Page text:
And as mentioned before, if you don’t memorize your talking points then there’s no point flowing around the stage as you’ve just amplified the fact that you need to keep reverting back to your notes.
4. Modulate Your Voice
This one takes time, we hear our voice quite differently than everyone else thanks to the vantage point of our ears to our vocal chords and vibration and yada yada. Point being, there is a reason many of us can’t stand to hear our own voice…because it sounds way different when we hear ourselves talk from the inside versus hearing it out of speakers.
Now imagine your audience. Your voice is fine, but if there’s no variation, no characters (e.g. change you voice when you go into a story, or pretend to say “You must be thinking”) then those folks will start to wander.
Again, it’s never been harder to keep people engaged as the digital platforms continue to hack away at all the tricks, but the easiest way to adjust on the fly is simply play with your voice.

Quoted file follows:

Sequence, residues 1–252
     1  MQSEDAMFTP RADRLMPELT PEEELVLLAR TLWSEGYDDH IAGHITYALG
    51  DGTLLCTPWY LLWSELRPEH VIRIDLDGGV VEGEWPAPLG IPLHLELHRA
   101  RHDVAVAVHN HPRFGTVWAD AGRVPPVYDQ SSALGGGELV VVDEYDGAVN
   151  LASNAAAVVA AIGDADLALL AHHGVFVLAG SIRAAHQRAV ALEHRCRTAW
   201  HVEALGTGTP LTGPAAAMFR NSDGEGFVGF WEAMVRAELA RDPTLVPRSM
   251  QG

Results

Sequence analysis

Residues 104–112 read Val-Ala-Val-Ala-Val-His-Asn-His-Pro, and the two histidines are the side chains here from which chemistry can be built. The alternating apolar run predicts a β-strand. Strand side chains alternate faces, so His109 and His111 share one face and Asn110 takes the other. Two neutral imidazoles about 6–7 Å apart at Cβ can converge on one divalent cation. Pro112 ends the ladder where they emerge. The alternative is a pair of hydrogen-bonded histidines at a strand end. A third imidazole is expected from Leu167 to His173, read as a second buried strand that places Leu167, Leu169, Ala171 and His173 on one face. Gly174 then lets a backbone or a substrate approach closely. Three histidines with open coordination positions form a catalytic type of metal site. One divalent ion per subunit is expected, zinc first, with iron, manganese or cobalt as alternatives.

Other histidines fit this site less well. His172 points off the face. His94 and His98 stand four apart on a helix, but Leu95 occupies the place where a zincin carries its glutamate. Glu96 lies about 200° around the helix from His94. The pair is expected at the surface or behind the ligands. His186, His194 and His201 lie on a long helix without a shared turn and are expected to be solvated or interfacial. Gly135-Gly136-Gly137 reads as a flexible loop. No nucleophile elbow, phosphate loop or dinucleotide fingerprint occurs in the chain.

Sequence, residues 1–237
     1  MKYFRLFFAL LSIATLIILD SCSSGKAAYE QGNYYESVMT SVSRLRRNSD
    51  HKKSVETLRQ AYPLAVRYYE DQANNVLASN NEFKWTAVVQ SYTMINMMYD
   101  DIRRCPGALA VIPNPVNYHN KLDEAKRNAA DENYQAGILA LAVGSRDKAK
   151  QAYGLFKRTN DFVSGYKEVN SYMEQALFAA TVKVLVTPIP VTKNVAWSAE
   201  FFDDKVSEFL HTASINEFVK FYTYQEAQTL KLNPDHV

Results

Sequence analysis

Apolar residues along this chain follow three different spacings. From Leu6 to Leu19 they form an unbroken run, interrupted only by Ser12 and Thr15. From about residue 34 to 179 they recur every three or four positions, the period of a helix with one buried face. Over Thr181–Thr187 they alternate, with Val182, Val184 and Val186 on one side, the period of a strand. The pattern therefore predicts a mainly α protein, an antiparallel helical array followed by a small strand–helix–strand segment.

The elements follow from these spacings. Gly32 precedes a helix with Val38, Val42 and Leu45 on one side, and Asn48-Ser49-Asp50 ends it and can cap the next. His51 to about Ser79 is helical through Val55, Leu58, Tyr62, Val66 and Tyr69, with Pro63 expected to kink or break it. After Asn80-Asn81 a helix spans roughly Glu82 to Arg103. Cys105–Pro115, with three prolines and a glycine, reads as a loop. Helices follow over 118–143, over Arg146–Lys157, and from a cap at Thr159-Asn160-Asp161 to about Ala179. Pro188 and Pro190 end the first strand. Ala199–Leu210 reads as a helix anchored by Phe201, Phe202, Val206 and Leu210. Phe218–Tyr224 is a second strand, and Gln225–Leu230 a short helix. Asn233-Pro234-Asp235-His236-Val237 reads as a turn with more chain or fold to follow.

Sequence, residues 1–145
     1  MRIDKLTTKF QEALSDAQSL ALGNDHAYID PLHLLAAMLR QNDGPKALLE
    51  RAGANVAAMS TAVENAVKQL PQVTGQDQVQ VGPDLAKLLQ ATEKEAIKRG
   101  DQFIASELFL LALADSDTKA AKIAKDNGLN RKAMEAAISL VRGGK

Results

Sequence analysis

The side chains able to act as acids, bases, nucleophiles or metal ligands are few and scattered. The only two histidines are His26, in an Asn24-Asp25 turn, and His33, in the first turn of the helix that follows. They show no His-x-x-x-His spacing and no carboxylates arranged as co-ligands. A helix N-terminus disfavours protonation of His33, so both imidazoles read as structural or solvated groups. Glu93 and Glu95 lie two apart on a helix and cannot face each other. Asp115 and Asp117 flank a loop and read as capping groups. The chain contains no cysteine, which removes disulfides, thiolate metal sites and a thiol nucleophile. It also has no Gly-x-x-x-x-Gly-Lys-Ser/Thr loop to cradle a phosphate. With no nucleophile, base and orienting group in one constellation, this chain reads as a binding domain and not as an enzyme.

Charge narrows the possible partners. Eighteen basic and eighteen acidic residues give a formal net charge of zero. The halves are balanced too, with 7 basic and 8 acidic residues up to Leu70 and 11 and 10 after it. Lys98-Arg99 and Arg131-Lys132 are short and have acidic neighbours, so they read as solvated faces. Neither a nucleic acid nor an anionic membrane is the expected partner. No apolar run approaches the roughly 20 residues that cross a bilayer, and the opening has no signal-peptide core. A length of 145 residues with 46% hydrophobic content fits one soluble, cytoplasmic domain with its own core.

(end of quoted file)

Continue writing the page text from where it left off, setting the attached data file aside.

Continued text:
You may not always have an option to do this, but if you’re talking about a slowdown in the market, try slowing down. If you’re pretending to be a customer, change your accent or tone. Whatever you need to do, try and mix it up.
5. Keep It Short
A lot of young engineers and corporate kids think if they are given a 15 minute speech, they need to pack it in with as much detail as possible. Well, quality over quantity my friend.
In comedy we say less is more and to cut the fat, but the real truth is when you’re in these workshops or conferences or keynotes, nobody will say “What an amazing presentation but he still had 3 minutes left.” You’d much rather have a killer 80 minute movie with a banger ending (and leave the audience wanting to watch the behind the scenes on the DVD) than a 120 minute stretched out drama.